Business

Different Ways To Prevent A Data Breach

There are many ways to protect your company from a data breach. For example, encrypt data-at-rest, limit the point of entry, and train employees. These steps can prevent the violation from becoming an ongoing problem. In addition, creating a response plan and notifying the public should also be part of your data breach prevention strategy. If your company is already aware of the risk of a breach, read on to learn more about different ways to protect your information.

Employee training

The first step in developing employee training to prevent data breaches is understanding the current environment and threats. Knowledge of data collection, storage, and processing platforms is essential for determining the risk level. Additionally, training programs must consider the role of third-party systems, which are often the source of a breach. An interdepartmental team can work together to develop a training curriculum to help employees avoid cybersecurity risks. The team will increase employee awareness of cybersecurity threats by aligning the workforce and setting a common knowledge of security practices.

Training employees is essential for businesses managing proprietary information. They contact proprietary information daily and should be educated on its protection. Employees can also help mitigate a data breach by using strong passwords, selecting cryptic passwords, and regularly changing their passwords. Employee training should be a high priority in an organization’s overall data security strategy. For example, employees should know how to recognize phishing warning messages and understand how to report an incident to the IT team.

Limiting the point of entry

Limiting the point of entry to prevent PII data breaches can help your business protect its customer’s personal information from unauthorized access. PII data is stored in almost every organization, including small, medium, and large. Just one convincing phishing attack by an employee can put the whole organization at risk. To limit the risk of a data breach, you should ensure that every employee has a unique login and password to access company data.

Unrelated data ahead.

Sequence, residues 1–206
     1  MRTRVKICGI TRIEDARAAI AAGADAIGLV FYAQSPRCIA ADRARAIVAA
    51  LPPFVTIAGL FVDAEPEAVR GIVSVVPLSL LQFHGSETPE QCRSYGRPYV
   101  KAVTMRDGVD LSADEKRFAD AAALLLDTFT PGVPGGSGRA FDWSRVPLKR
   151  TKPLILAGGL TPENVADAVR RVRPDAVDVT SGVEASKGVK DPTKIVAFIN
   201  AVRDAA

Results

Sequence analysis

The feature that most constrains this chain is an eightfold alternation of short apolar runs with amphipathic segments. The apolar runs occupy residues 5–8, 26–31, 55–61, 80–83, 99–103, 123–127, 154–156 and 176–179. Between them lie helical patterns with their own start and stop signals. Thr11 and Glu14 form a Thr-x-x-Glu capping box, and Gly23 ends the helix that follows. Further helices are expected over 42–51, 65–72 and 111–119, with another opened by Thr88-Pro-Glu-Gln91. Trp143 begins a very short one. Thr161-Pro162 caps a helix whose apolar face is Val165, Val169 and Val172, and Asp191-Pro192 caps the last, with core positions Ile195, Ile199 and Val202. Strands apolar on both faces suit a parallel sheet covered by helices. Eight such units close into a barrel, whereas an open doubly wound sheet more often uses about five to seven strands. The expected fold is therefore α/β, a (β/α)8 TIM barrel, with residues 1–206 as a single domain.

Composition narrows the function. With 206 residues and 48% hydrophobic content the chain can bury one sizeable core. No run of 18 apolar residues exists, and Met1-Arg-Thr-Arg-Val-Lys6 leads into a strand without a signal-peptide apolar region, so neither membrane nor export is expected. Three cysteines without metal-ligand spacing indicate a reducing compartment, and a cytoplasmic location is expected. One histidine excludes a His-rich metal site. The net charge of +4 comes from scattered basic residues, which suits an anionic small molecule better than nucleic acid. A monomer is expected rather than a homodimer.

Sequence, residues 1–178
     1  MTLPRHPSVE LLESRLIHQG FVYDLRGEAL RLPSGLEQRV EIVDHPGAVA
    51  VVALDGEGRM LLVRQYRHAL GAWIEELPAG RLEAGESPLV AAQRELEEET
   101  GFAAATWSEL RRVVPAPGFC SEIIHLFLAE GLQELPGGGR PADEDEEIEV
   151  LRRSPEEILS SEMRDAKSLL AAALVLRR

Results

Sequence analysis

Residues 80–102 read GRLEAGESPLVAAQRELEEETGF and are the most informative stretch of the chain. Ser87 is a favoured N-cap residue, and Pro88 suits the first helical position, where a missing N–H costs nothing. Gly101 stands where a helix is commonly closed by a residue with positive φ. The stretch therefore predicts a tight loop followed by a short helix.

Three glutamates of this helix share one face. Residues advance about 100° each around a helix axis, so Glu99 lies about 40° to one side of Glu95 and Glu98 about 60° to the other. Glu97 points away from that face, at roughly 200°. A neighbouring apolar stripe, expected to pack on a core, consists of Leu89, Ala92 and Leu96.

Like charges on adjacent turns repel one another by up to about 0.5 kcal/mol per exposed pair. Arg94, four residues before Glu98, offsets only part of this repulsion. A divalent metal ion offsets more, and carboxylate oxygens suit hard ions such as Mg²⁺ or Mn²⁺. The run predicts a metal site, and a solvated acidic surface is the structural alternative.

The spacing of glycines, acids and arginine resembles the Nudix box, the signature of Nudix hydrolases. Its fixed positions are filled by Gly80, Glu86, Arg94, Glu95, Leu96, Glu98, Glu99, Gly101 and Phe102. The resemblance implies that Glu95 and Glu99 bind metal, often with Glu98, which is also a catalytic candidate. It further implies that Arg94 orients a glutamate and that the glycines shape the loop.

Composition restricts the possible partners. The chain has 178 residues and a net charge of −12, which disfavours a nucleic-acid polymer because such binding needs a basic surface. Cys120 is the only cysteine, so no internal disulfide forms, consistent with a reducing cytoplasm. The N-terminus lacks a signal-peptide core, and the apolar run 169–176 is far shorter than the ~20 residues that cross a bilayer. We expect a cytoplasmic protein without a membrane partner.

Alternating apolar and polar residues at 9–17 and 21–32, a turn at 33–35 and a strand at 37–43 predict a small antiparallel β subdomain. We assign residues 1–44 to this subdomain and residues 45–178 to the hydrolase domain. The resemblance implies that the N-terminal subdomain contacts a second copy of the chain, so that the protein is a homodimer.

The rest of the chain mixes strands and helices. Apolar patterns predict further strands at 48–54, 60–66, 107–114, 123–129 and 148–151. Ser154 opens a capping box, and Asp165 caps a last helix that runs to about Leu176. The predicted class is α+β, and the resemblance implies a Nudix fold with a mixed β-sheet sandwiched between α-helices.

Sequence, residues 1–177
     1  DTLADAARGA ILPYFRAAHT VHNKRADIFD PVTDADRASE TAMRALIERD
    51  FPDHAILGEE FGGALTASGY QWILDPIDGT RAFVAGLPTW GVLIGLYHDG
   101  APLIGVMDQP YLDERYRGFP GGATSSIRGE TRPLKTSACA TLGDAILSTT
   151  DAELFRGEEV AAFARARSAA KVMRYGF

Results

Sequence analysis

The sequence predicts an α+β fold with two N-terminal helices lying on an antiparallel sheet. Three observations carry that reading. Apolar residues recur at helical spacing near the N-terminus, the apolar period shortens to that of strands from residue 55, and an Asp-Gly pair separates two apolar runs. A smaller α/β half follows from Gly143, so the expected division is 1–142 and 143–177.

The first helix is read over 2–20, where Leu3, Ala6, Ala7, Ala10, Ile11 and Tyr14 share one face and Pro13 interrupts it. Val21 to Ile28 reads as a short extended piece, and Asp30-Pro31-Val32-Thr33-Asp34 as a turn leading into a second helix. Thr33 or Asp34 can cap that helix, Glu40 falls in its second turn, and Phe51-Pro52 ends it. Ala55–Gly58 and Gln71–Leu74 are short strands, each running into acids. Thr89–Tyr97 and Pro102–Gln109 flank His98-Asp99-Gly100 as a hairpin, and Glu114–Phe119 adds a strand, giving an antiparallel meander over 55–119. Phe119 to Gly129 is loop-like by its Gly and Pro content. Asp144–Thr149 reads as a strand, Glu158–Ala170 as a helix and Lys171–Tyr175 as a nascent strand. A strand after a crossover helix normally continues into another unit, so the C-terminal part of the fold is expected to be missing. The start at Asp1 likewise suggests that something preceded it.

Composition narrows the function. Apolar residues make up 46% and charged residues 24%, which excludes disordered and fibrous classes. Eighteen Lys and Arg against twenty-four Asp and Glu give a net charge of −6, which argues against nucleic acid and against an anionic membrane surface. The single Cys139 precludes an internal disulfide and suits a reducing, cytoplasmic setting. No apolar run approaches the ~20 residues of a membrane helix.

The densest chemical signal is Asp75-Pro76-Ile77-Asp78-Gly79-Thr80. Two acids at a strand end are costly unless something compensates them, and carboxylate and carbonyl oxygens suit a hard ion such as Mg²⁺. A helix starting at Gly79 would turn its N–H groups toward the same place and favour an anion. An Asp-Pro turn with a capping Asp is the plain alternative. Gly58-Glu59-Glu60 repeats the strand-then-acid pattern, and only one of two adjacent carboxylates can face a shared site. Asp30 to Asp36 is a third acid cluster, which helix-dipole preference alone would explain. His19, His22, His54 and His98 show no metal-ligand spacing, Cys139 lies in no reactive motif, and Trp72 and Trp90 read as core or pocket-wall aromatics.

In addition to internal employees, outsiders also have access to enterprise data. Leakage of sensitive information from enterprise systems can cause considerable financial losses and reputational damage. It may also affect the long-term stability of an organization. Common types of leaked information include employee/customer data, intellectual property, and medical records. According to IBM’s 2016 Cost of Data Breach Study, the average consolidated cost of a data breach is $4 million. Juniper Research projects that this figure will reach $2.1 trillion by 2019.

Encrypting data-at-rest

Encrypting data-at-rest (DaR) is a common practice that protects sensitive data from loss or theft. This practice refers to the data stored in the servers of an organization. However, encryption at rest does not guarantee 100% data security. The process may vary depending on the storage device. 

Using at-rest encryption protects data while it is in storage or the cloud. Without encryption, hackers can steal storage devices and read your data. Another form of encryption is encryption-in-transit, which protects data while in transit. While in transit, information is more vulnerable. Encryption services authenticate the sender and receiver to protect this type of data. Once your data arrives at its destination, it can be decrypted and used.

Data-at-rest is classified as arrested when it is not actively used or transferred. It is less vulnerable than data-in-transit but may be more valuable to hackers. Encrypting data-at-rest also helps prevent a data breach. Data-at-rest protection should be implemented as part of data governance and compliance. Organizations must adhere to regulations that govern data security and encryption.

Creating a response plan

Creating a response plan to a security breach is crucial for organizations of all sizes. Not only are the laws governing data breach notification and response times inconsistent, but the impact of the breach is often even more complicated. In addition, organization leaders may be affected by the violation or even the site of the breach, which makes establishing a proper protocol all the more difficult. Fortunately, there are several steps you can take to prepare a response plan.

Creating a response plan to a security breach is an excellent way to minimize the stress and uncertainty within your organization. A solid plan outlines the steps to take in case of an attack, such as detection, analysis, containment, eradication, recovery, and post-incident assessment. This way, you can take immediate action and limit the damage. It will also enable your team to focus their efforts appropriately and act quickly to contain the impact.

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